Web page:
Let's Dance

You could buy David Bowie's Hours via Internet download. But why would you want to?

from: zikidisc@netvision

to: alt.fan.david-bowie

subject: Bowie MP3

Jeff Tolbert

I am looking for David Bowie's new album on MP3 for download.

 

Let's let the record companies in on a little secret: This guy was not looking to pay $13 to $18 on September 21, when Bowie's new album, Hours, became the first major-label, full-length CD to be available for sale via Internet download--at the full retail price of a "hard" CD--two weeks before it came out in stores.

What he and every other Bowiephile on the Internet wanted was a free or advance copy of the release. I, or any of the thousands of others with promotional copies of the recording, could have made zikidisc's dream come true. Simply by extracting audio data from the CD with a program called a ripper, converting it to compressed, easy-to-download MP3 format with a program called an encoder (both available free), and uploading, I could have made the music available--for free--weeks before it came out in the stores.

Free downloadable recordings: The MP3 revolution has conditioned music consumers to expect no less. Bowie and his record company (Virgin), however, are banking that advance digital releases such as Hours--encoded by the Secure Digital Music Initiative (SDMI) or the similar Windows Media Rights Manager so they can't be traded later for free--will change all that. If music downloads are the modality of the future, they want to make sure the tollbooth is in place before the hordes come stampeding through.

Let's take another look at the newsgroups...

 

from: iggg@my-deja

subject: Downloading Hours--what format?

I will be downloading the buyable version of Hours for download through the Net. But I will only do so if I am sure that I can burn the music onto a CD to play on my stereo. If I cannot burn a music CD, the download will have to be extremely cheap, as I will only be able to play the music on my computer and not on my stereo (or in my car and Walkman).

 

Good point, iggg! How much fun is it to listen to Bowie's new album exclusively on your computer? Even assuming you have a pro-quality sound card and audiophile computer stereo (Soundblaster-compatibles need not apply), will the music "glitch" if you try to surf the Web and write an article while you're listening? And can you burn a CD to listen to on your home stereo or Walkman?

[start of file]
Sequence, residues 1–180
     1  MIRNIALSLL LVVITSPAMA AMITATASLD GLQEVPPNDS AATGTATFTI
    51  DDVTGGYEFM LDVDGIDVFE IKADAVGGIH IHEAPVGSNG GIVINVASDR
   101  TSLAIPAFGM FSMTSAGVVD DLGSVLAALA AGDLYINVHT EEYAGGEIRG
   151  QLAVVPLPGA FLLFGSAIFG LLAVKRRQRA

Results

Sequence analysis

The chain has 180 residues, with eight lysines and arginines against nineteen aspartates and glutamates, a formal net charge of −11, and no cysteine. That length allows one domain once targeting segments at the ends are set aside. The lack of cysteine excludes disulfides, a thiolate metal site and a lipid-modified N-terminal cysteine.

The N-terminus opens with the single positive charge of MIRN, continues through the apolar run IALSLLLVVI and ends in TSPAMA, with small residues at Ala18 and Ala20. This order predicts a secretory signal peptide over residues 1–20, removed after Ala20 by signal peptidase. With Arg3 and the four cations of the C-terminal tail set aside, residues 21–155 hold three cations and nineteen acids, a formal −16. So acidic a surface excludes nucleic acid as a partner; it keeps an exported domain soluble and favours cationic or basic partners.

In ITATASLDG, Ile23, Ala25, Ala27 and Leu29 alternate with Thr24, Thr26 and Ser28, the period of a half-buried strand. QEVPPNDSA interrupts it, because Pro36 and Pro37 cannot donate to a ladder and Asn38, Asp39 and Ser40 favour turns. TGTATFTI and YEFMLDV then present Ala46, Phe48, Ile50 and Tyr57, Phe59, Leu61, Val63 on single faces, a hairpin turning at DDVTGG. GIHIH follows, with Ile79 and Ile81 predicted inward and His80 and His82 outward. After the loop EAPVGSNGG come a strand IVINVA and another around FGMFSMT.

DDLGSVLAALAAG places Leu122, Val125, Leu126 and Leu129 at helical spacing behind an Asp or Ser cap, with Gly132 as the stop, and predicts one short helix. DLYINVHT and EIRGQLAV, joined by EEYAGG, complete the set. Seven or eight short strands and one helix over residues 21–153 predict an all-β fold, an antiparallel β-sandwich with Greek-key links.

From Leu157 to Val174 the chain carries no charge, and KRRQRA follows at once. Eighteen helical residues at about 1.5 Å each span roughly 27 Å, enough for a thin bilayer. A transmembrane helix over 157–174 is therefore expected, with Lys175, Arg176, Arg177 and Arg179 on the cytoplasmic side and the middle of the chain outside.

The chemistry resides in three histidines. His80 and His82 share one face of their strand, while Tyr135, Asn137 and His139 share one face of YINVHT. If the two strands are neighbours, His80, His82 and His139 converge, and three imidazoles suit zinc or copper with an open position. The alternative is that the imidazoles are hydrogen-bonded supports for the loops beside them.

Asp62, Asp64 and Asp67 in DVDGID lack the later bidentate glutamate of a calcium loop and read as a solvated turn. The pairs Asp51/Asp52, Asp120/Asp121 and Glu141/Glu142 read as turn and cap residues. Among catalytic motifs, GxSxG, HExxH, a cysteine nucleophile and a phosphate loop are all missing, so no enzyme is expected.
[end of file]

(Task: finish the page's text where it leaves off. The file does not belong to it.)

Before I could get answers to those questions, I had to find the Bowie download on the Net. Virgin Records said it would be sold through established Internet music retailers, such as Tower Records (dot com) and CDNow! But days before the release, I couldn't find promotional information on any Web site, just rumors in the discussion groups. Was this the least-promoted big event in the history of the music business? Even Bowie's publicists sent me boomeranging from site to site without any answers.

When D(ownload)-Day arrived, I still couldn't find any reference to the Hours release on the major music sites, even ones with separate "download" sections. Still another call to Bowie's publicist produced a list of participating companies, but no URLs. Only the Virgin Megastore site had added the download to its front page (for the full price of $17.98), and only in the Liquid Audio format, though it was ostensibly also available via Microsoft's Windows Media (WMP) format. (As I write this article, several more sites have added the download.)

Finally, I went directly to Microsoft (www.msn.com) and Liquid Audio (www.liquidaudio.com), which, in the interests of promoting their playback software, did have links to the download. Oddly enough, most of the Microsoft links took me to a third-party company (amplified.com), which offered to let me buy Hours "from" various retailers at prices ranging from $12.99 (Tower, Rasputin, Barnes & Noble) to $17.98 (Harmony House, Mybytes).

As the Liquid Audio download was more than twice the size of the WMP download (56MB vs. 24.5MB), I decided to try both. Downloading the files was somewhat harder than buying a cheeseburger while easier than building a home cyclotron. Various hang-ups in Web design and performance added several hours to the process, but by the time I got going, the 56.6Kbps download took an hour and a half for the WMP version and just under three and a half hours for the Liquid Audio version of this 51-minute album. Because I didn't want to put the Liquid Audio download on my C: drive, I had to manually specify the location for each track on the disc, which meant I had to hang around for the entire time it was downloading. The Liquid Audio payment server was also down that night, so I had to wait till morning to fork over the cash and actually listen to the thing.

Both versions sounded very good when played through my computer's pro-quality sound system. Liquid Audio has playback software for both Windows and Mac, while Microsoft promises a Mac version of Windows Media Player "sometime next year." There was a slight digital feel to the ocean waves on the track "No One Calls," but as this is coincidentally the download's bonus track, I couldn't compare it with the hard-copy CD.

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